620-136PLC Applications3620-135Design and add documentation to ladder logic programs to solve application problems. PLC applications examples as used in industry will be programmed on real industry equipment utilizing a wide variety of various sensors, photoelectric, proximity, motor drives, and control devices creating working automated systems.

620-145Industrial Robotics Systems2620-156Terminology, concepts, and components of robots, robot-type machines, and automation. Emphasis will be on interfacing automated machinery.

620-158Sensors2605-136 or 605-108This course investigates theory, application, and troubleshooting of various sensor technologies including wiring and testing of sensor configurations. This course covers non-contact sensing fundamentals and interfacing.

620-194Motion Control Applications2Program student; (620-156 and 620-135)This course is designed to give the student an understanding of the operation, programming, and wiring of AC induction motors and Drives, DC motors and Drives, Stepper motors and drives, and Servo motors and drives.

631-109Industrial Internet of Things2This course examines the personal computer and associated networks as it applies to the industrial environment. Computer architecture, hardware requirements and limitations, and troubleshooting are emphasized, as are the networking requirements to maintain information flow between the production floor and the business administrative functions.

809-199Psychology of Human Relations3Students will become acquainted with the basic theories and concepts of psychology and human behavior, enabling them to be more effective in their work and personal lives. A better understanding of human relations will help the individual adjust and grow in a complex society.


Fourth Semester

Course #Course TitleCreditsPrerequisites/Comments

605-152SCADA Concepts2620-136SCADA stands for Supervisory Control and Data Acquisition. This course will focus on industrial applications of acquiring data from PLC based equipment using industrial and Ethernet networks. Display of data will use industrial display terminals such as the Allen-Bradley Panel View and Microsoft Excel spreadsheet using DDE technology. Additional applications utilizing ASCII text strings and HyperTerminal will be investigated.

620-146Machine Troubleshooting Tech21st 8 Weeks | 612-101 and 620-136 and 620-144This course is a hands-on troubleshooting class which will expose the student to problems that they could encounter as an Automation Technician. PLCs, CNC, robotic, and automated control systems will be some of the possible areas and components they will be required to troubleshoot. Besides troubleshooting failures in electrical, pneumatic, and programming logic, the student may be required to modify, move or reprogram equipment. This course will be a culmination of the knowledge that the students have gained from the multitude of courses they have taken in the electromechanical program.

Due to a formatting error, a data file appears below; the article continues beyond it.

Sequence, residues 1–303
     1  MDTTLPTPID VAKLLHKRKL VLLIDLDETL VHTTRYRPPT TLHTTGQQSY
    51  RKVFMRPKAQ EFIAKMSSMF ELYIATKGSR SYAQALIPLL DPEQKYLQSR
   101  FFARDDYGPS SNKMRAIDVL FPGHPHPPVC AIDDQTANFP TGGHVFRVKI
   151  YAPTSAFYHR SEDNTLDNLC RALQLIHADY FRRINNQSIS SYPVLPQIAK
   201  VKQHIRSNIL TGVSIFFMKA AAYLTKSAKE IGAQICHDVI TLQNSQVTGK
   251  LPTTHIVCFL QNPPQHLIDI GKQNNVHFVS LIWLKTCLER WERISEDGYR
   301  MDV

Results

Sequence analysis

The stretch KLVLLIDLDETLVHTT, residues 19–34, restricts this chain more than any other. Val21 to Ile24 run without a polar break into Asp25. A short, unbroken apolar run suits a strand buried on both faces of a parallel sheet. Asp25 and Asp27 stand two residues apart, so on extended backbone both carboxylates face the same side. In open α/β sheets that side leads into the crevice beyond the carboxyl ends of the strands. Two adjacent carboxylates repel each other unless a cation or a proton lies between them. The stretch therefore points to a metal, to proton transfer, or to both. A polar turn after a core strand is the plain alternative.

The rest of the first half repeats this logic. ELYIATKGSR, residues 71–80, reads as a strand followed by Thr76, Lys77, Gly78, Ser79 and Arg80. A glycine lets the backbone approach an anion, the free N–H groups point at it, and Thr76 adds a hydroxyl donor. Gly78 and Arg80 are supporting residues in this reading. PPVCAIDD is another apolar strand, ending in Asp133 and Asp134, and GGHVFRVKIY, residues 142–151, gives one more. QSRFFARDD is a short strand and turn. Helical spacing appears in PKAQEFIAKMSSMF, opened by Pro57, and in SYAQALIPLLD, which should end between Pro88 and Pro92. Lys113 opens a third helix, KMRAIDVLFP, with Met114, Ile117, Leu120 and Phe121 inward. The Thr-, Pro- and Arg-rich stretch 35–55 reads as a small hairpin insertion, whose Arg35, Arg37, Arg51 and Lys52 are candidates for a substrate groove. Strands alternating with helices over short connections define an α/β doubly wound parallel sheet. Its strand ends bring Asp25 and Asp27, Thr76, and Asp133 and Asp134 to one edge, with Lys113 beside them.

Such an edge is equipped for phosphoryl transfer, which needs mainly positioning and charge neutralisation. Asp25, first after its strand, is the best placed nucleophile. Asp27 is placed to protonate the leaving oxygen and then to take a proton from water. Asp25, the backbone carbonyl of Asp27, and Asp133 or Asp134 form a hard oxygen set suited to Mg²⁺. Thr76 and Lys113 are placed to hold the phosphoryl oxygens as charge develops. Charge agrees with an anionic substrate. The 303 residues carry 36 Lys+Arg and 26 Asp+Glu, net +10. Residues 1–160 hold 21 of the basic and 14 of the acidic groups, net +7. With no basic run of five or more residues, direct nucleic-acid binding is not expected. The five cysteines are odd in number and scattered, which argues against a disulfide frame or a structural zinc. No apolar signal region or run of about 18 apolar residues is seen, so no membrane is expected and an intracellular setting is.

620-147Control Applications22nd 8 Weeks | 612-101 and 620-136 and 620-144This course is a hands-on control application class which will expose the student to problems that they could encounter as an Automation Technician. PLCs, CNC, robotic, and automated and motion control systems will be some of the possible areas and components they will be required to create control circuits and programs for. Besides creating and modifying existing control circuits the student will also be given new projects that will require fabrication and design of machinery. This course will be a culmination of the knowledge that the students have gained from the multitude of courses they have taken in the electromechanical program.

620-148Automated Systems Interfacing4620-136Hands-on interfacing of PLC's, operator interfaces, sensors, and various automated equipment to create a work cell level of automation. Gain experience in programming, wiring, and configuration. Learn the troubleshooting and programming of a more complex process.

620-150Instrumentation2620-158The student will learn how to measure the properties of temperature, pressure, flow, and level. Tuning PID loops and troubleshooting instrumentation systems. Transducers and control systems will be taught from a systems approach. Full-size industrial standard components and systems are used.

801-197Technical Reporting3801-136 or 801-219Prepares and presents oral and written technical reports. Types of reports may include lab and field reports, proposals, technical letters and memos, technical research reports, and case studies. Designed as an advanced communication course for students who have completed at least the prerequisite introductory writing course with a grade of "D-".

809-195Economics3Designed to give an overview of how a market-oriented economic system operates, and it surveys the factors which influence national economic policy. Basic concepts and analyses are illustrated by reference to a variety of contemporary problems and public policy issues. Concepts include scarcity, resources, alternative economic systems, growth, supply and demand, monetary and fiscal policy, inflation, unemployment and global economic issues.


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Course Description

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Minimum Program Credits Required: 61

2.0 Minimum Program Cumulative GPA Required for Graduation
If a student does not enroll in any courses at CVTC for two or more consecutive semesters, the student will be required to reapply with Admissions. Students must abide by any changes in admission requirements and degree requirements.

Updated: 3/19/2024 10:42 a.m.  |  Printed: 6/23/2024 12:22 a.m.